Hakstol assembled the Flyers' top line by transitioning Giroux from center to left wing during the second week of training camp, and the Flyers' head coach has yet to deviate from that trio this season. On the other hand, the Blackhawks are desperate to try anything. 

Blackhawks coach Joel Quenneville shook up his lines again, this time pairing Toews and Kane together with Sharp in an attempt to rekindle some magic from the glory days of their Stanley Cup seasons. The Flyers proved the experiment to be an utter disaster as it barely lasted 20 minutes before Quenneville pulled the plug and switched Sharp with the speedier Brandon Saad.

Hard to believe this was the same Chicago team that put up 10 goals on the defending Stanley Cup champion Pittsburgh Penguins just a month ago. 

“[Ivan Provorov] and [Robert Hagg] did a great job against their top line and frustrating them," Gostisbehere said. "When you’re frustrating their top line, it’s kind of like cutting the head off a snake. The rest of the team will fold. I think we did a lot of good things out there of limiting time and space because they’re a skilled team."

Gostisbehere became the quickest defenseman to score 100 points in a Flyers uniform, reaching the milestone in 155 games

“Yeah, it’s awesome, a tremendous honor to do it but do it with my teammates and my coaches, they put me in those situations to go out there and get those points,” Gostisbehere said. “It’s huge. It’s a nice group effort — family support, everyone.”

After the Flyers jumped out to a 3-0 lead, they appeared to shift into cruise control and were outplayed over the final 35 minutes. Brian Elliott, who lost, 3-0, to the same Blackhawks just eight days earlier, bailed out the Flyers on more than one occasion with perhaps his best all-around game since joining the Flyers.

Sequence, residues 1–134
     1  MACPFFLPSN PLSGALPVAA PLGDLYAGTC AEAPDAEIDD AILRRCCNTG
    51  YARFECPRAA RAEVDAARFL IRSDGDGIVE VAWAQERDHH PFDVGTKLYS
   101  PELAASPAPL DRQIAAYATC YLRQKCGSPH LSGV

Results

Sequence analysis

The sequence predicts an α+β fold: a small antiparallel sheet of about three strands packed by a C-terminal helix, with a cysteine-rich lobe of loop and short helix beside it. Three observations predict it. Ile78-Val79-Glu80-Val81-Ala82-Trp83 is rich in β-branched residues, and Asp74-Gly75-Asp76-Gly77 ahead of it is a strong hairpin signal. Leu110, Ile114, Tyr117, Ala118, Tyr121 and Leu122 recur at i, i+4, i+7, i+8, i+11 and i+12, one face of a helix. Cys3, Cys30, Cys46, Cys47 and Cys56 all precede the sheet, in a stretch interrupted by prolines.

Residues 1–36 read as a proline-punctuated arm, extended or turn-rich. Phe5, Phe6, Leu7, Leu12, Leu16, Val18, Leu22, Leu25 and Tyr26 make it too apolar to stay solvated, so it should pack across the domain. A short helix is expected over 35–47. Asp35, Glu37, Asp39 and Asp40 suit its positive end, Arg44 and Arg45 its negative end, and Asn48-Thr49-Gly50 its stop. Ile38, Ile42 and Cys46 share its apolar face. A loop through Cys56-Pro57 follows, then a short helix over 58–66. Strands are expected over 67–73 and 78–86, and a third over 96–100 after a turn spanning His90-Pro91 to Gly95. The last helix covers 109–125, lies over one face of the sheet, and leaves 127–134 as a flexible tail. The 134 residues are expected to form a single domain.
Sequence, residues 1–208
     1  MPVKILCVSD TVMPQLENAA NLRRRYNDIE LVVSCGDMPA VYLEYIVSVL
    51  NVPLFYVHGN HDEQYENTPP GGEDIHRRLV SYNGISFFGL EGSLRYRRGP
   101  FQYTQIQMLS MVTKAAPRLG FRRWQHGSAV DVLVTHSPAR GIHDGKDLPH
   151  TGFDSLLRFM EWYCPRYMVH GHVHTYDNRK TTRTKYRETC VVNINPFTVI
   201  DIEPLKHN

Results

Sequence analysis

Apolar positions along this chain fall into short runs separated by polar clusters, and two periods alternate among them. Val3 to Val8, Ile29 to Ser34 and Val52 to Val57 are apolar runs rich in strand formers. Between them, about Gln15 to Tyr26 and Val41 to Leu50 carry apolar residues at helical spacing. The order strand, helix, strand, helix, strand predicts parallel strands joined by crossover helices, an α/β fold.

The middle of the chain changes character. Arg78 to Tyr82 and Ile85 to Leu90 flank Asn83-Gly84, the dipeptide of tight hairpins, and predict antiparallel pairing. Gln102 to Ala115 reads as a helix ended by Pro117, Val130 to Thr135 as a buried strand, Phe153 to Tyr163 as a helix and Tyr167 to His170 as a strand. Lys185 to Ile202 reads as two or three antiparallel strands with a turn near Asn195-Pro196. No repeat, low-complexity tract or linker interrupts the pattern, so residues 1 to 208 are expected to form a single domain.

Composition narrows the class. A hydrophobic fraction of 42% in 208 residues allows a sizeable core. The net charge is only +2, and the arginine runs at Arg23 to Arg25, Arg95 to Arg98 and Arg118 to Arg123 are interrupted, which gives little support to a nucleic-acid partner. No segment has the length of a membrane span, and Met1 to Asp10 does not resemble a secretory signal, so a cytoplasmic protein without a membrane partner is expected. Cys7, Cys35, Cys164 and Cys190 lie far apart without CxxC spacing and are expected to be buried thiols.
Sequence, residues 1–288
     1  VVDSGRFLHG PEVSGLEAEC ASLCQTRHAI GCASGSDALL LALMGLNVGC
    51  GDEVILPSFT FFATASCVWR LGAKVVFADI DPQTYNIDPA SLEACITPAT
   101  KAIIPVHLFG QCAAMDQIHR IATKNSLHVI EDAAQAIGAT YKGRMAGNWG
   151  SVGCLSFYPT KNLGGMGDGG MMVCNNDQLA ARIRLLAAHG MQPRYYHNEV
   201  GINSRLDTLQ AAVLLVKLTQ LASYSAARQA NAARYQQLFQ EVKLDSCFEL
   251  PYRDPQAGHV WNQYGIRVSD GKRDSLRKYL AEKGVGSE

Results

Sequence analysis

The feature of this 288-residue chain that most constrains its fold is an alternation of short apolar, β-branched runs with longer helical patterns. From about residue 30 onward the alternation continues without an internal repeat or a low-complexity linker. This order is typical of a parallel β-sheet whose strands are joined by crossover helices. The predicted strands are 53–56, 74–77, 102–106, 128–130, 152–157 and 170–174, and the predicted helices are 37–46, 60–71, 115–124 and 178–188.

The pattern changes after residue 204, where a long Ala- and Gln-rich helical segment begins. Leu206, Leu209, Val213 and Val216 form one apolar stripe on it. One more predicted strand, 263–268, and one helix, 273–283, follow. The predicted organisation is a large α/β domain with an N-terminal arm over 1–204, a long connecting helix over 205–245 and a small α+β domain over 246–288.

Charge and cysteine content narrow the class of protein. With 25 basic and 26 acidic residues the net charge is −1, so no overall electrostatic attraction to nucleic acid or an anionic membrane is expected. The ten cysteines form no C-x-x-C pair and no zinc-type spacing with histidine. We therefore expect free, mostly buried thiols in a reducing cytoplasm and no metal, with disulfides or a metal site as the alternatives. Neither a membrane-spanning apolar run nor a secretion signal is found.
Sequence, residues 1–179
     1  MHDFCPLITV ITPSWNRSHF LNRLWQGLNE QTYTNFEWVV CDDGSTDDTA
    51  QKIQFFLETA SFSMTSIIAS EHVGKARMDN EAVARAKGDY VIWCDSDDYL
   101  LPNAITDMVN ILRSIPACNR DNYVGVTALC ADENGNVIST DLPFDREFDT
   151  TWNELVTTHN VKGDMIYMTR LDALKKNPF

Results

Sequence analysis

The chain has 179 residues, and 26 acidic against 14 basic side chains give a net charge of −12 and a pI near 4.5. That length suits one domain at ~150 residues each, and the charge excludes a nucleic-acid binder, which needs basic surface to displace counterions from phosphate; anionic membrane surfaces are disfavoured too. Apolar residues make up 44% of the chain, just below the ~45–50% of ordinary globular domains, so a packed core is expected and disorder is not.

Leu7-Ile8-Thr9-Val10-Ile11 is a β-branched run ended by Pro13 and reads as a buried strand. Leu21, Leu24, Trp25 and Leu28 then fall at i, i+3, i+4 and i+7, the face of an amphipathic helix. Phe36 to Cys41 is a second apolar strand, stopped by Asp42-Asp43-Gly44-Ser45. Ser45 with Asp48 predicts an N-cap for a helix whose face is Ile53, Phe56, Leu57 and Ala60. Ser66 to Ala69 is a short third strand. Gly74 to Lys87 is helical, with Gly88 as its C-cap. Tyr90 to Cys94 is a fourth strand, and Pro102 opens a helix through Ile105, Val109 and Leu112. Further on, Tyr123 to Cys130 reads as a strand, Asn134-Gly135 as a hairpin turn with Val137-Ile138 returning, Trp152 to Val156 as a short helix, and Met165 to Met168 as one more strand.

Elliott turned aside 38 shots and was vital in helping the Flyers kill off Chicago’s two-man advantage for 1:44 near the end of the second period.   

“It was huge," Elliott said. "They could have tied it up there at the end of the period and we would have been tied going in. Killing that off was big for our guys. We did a really great job. They didn’t do much on it. You keep things to the outside on that and they didn’t cross box us, so that’s good.”

When asked which save stood out the most, Elliott pointed to a pass he disrupted as the one play that was fresh in his mind.

“Taking away that pass from Kane in the 5-on-3 with my stick," Elliott said. "I was happy with that one because that’s an open net at the backdoor.”

“It’s big, to be able to get that at that time of the game and that situation," Hakstol said. "[Elliott] did a good job, made some saves for us. PK battled hard, big part of the game.”

The Flyers' win also marked the 14th consecutive regular-season win over the Blackhawks at the Wells Fargo Center, dating back to Nov. 9, 1996.

Quenneville might consider reuniting Stan Mikita and Bobby Hull on a top line if he thought it might bring the Blackhawks a win in Philadelphia.